Keeping the Sabbeth Holy


This cracks me up. The Oklahoma legislature passed a bill to put a Ten Commandments monument on the state capitol grounds and it was installed recently. Unfortunately — or fortunately, for us — they misspelled two words on the monument.

But before state Rep. Mike Ritze (R), who sponsored the initial bill and whose family donated $10,000 to fund the project, worries about fielding a suit from the state’s American Civil Liberties Union, he first needs to deal with spelling errors, The Oklahoman reports.

The rose-stone block reads “Sabbeth” instead of “Sabbath.”

And at its base, the tenth commandment reads, “Thou shalt not covet thy neighbor’s wife, nor his manservant, nor his maidseruent.” It should read “maidservant.”

“It’s a simple fix,” Ritze told The Oklahoman. “Scrivener’s errors or misspellings are not uncommon with monument manufacturing.”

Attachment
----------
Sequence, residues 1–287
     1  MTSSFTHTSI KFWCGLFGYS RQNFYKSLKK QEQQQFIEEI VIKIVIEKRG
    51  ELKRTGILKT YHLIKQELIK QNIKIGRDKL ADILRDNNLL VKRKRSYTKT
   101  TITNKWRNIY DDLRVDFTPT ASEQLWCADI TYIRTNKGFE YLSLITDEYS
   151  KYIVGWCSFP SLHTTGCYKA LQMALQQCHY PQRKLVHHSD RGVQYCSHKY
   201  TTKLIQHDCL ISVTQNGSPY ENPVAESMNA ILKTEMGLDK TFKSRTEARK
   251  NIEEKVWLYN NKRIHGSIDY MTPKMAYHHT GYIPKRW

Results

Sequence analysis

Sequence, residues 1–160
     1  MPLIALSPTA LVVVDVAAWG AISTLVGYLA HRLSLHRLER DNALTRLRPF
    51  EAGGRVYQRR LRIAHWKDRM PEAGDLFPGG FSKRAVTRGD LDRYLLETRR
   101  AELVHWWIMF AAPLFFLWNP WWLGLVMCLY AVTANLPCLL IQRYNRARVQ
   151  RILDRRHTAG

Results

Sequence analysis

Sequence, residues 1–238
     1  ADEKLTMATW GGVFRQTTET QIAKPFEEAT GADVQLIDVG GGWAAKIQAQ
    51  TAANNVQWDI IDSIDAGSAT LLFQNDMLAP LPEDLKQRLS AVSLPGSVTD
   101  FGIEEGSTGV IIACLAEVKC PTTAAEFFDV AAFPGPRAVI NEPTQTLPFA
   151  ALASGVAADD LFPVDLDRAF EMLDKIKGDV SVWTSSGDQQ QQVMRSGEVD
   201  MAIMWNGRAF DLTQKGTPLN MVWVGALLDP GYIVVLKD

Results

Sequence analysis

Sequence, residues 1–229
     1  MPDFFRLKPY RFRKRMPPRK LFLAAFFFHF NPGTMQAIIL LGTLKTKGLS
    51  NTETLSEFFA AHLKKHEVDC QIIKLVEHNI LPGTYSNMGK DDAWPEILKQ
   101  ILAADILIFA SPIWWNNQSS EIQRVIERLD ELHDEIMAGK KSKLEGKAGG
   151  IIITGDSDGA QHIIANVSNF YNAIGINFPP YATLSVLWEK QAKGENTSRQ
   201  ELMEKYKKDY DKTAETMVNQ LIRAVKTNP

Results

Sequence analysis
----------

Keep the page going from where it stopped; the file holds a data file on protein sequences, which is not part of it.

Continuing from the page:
Uh, no. They’re not. They might be in an initial run, but for it to be delivered and installed that way is just plain incompetence. Of course, the thing shouldn’t be there at all. The placement of such monuments is just a case of fundamentalist Christians marking their territory. But it isn’t their territory, it’s ours too.

Comments

  1. Doug Little says

    The rose-stone block reads “Sabbeth” instead of “Sabbath.”

    I’m sure Ozzy Osbourne and Tony Iommi will be disappointed.

  2. hexidecima says

    and just what sabbath are they talking about? The friday night/Saturday Jewish nonsense or the Sunday Christian stuff. If *I* were a god, I’d certainly be miffed if my chosen people got it wrong and bothered me on my day off.

  3. Nancy New, Queen of your Regulatory Nightmare says

    When I was a kid, a local baptist congregation built a new church–and for months, until they could get it corrected, their new church was the “Cavalry Temple.”